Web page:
A top privacy organization is asking the Federal Trade Commission to investigate, and perhaps limit, the ability of Google to track what you buy, from whom, when and for how much, according to a report in Joseph Farah’s G2 Bulletin.
In brick-and-mortar stores.
The Internet behemoth, which already has multiple ways to track consumers online, is the subject of a complaint by the Electronic Privacy Information Center, or EPIC.
EPIC points out Google now tracks in-store purchases by collecting billions of credit-card and debit-card transaction details and then links that personal data to the activities of Internet users.
You look at an item online, then later buy it in a store with a bank card, and Google is tracking you.
EPIC is asking the FTC to stop Google’s tracking of in-store purchases and “determine whether Google adequately protects consumer privacy.”
The organization cited a recent Washington Post report that explained how the Web giant monitors billions of electronic payment transactions and determines when Internet ads prompt people to buy things in stores.
It already “analyzes users’ Web browsing, search history and geographic locations, using data from popular Google-owned apps like YouTube, Gmail, Google Maps and the Google Play store. All that information is tied to the real identities of users when they log into Google’s services,” the report said.
Now, the report explained, “the new credit-card data enables the tech giant to connect these digital trails to real-world purchase records in a far more extensive way than was possible before.”
The company, which saw about $79 billion in revenue a year ago, revealed its “undisclosed partner companies had access to 70 percent of transactions for credit and debit cards in the United States,” the report said.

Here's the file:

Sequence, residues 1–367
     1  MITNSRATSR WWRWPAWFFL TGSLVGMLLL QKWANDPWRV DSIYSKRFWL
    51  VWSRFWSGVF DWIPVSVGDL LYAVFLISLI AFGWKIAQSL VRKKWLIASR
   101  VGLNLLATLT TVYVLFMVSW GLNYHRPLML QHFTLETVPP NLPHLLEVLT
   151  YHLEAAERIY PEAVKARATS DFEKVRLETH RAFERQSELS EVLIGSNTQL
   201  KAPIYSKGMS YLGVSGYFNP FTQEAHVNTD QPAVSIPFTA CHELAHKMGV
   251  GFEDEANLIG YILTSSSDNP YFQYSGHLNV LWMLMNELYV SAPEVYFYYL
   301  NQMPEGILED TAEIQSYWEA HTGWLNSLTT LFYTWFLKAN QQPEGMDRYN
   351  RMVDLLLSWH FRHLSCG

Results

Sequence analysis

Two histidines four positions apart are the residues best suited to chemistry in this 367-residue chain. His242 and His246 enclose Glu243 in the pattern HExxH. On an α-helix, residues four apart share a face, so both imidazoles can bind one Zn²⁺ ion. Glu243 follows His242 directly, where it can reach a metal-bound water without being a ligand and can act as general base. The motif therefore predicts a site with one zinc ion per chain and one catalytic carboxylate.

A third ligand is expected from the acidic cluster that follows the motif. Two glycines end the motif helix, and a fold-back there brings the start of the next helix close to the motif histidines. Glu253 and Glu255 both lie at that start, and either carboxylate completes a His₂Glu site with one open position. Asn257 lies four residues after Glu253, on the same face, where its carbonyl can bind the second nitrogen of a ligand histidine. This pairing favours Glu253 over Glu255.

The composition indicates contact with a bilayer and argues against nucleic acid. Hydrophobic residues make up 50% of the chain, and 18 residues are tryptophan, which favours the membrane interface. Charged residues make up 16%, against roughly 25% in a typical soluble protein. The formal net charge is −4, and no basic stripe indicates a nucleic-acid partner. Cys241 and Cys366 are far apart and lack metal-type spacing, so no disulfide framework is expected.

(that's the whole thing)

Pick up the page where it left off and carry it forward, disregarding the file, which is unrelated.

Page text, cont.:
EPIC’s complaint said Google’s “Store Sales Measurement” at issue “reveals sensitive information about consumer purchases, health, and private lives.”
“Google claims that it can preserve consumer privacy while correlating advertising impressions with store purchases, but Google refuses to reveal – or allow independent testing of – the technique that would make this possible,” the complaint says. “The privacy of millions of consumers thus depends on a secret, proprietary algorithm. And although Google claims that consumers can opt out of being tracked, the process is burdensome, opaque, and misleading.”
EPIC, a public interest research center, focuses on privacy and civil liberties issues.
Google is taking information from consumers who use services such as AdWords and others, then correlates information from “direct import” customer data companies.
The complaint explains Google “provided no further detail on how these vague [privacy] promises will be carried out and does not detail how the system works.”
“Google ‘would not say’ whether customers have consented to the use of their data to tie purchases to advertising and other actions,” the complaint says.